But I invite you, too, to add questions and observations to the Voicethread. Make it a conversation. Do the results of my students resonate with what you know about your students? (Note: I teach sixth grade, so these are 11 year olds). Haven’t used Voicethread before? Now’s the time to give a new tool a try.

Peace (in the sharing),
Kevin

Movie Review: The Watsons Go to Birmingham

I finally got the time to watch The Watsons Go to Birmingham movie last week with the two classes who read the book earlier in the school year. The DVD had been sitting on my desk but finding the time was difficult. Still, I wanted to see what the folks at the Hallmark Movie Channel did with a book that I love reading and teaching, and students were eager to see the movie version, too. So, we did.

I could quibble with some of the changes made to the Christopher Paul Curtis story and some of the casting choices and other things, and we did quibble in our post-movie class discussions, but I understand a bit about the need to make changes to a novel to fit the screen. The one thing I was disappointed in but wasn’t surprised by was the removal of the vision the kids have of each other in times of danger, of each becoming the savior of the other in times of trouble. We talked a lot about that missing element in class. Oh well.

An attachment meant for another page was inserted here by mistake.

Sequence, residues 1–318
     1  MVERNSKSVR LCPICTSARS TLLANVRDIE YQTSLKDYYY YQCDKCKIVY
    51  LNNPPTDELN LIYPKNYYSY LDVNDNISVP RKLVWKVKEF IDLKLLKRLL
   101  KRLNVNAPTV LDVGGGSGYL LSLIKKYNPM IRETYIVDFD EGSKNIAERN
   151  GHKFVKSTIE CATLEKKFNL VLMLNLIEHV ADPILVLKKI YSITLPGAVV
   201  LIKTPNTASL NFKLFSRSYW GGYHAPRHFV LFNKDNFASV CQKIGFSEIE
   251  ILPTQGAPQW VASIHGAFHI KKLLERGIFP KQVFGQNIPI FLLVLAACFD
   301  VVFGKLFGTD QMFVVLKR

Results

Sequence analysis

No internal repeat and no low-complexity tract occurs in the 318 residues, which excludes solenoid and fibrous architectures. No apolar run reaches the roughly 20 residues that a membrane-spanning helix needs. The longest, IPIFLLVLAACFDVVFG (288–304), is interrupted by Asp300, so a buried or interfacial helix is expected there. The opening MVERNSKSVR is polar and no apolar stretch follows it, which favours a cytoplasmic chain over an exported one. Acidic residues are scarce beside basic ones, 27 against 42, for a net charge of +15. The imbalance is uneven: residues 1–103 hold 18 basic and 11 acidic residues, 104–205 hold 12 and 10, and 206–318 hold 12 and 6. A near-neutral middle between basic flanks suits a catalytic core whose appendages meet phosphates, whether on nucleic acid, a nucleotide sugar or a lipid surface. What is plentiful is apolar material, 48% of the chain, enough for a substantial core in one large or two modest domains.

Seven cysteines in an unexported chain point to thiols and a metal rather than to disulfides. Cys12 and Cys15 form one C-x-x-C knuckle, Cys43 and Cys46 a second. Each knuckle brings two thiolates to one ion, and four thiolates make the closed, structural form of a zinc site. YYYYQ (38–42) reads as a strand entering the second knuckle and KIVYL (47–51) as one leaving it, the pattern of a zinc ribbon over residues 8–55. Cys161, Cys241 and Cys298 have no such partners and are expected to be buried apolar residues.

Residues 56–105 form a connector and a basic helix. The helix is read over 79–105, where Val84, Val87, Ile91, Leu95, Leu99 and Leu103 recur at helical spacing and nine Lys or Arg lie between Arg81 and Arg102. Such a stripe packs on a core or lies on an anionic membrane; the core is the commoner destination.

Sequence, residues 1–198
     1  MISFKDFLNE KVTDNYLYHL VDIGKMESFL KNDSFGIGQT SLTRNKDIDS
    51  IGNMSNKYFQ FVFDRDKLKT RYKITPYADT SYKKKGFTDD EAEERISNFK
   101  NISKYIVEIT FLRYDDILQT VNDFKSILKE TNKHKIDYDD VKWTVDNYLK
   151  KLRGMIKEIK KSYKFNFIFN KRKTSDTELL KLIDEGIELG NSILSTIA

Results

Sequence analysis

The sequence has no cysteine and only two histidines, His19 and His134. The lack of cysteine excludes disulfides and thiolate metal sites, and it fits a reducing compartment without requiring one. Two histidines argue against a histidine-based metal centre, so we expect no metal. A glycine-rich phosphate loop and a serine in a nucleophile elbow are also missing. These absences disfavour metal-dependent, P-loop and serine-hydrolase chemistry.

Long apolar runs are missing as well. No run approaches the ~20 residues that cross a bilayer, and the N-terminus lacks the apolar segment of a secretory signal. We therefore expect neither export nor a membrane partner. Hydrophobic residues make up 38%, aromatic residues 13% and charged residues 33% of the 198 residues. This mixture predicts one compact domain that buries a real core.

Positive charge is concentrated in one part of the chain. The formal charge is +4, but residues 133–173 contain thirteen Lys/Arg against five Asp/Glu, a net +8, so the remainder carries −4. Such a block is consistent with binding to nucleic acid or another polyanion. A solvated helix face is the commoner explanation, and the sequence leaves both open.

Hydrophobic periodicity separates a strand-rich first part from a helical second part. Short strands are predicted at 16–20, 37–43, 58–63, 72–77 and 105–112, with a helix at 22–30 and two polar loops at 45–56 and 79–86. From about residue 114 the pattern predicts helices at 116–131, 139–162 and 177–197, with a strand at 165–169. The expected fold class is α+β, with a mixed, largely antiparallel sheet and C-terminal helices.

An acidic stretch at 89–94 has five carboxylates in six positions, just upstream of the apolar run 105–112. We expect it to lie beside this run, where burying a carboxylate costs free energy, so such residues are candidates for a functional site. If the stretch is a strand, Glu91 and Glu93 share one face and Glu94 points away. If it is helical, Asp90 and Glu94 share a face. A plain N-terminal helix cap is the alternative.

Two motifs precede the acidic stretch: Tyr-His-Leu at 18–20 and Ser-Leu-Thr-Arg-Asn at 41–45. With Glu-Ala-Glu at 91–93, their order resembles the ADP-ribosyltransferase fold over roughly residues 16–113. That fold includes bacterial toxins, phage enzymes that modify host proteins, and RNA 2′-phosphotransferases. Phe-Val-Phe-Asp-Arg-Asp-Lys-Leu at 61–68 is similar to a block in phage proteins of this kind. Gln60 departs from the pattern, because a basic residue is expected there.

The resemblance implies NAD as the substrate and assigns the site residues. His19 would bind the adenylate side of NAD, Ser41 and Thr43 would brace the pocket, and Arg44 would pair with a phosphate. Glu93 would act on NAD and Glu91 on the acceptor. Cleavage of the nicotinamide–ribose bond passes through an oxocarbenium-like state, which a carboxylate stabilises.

Overall, I enjoyed what they did with the story. Most of all, I was very much pleased with how the producers brought in archival footage from the news of the day (1964) in Alabama, as it really sets the tone and stage for the unfolding of the story as the Watsons visit the south. The scene of the famous church bombing is chaotic and emotional, and I found it hit the right notes for my students to feel compassion and fury, and to understand Kenny (the narrator) a bit more as he searches for his younger sister.

Also, I give high praise to the movie folks for making the Children’s March a secondary storyline, with the Watsons’ cousins telling how they are marching with other children in protest. The book never mentions the Children’s March. The movie uses that event in a way that gives the story a different emotional feel, particularly when Byron (the oldest brother, a troublemaker) sees it as an opportunity for him to make a difference and make his parents proud of his actions.

Overall, the movie fits in nicely with the teaching of this powerful story of growing up in the era of civil rights and racism, and how our families are the center that holds us together. The movie gets that right, time and again.

Peace (in the past),
Kevin
PS — an interview with Christopher Paul Curtis about the adaptation of the book:

Invented Words: Student Sampler

Invented Words 2014
(I love this word cloud)
Although I continue to invent and publish a new word every day for the #Nerdlution (round 2), that initiative was inspired by my students’ work around invented language (as part of our study of the origins of the English Language). The other day, they used our wiki site to begin adding a word of their own (and a podcast of their word) to a 9-year project to create an online dictionary of invented words. I’ll share that out some other day. For now, check out this prezi with a few words and I have embedded the podcasts of their voices right into the prezi (just click the play button).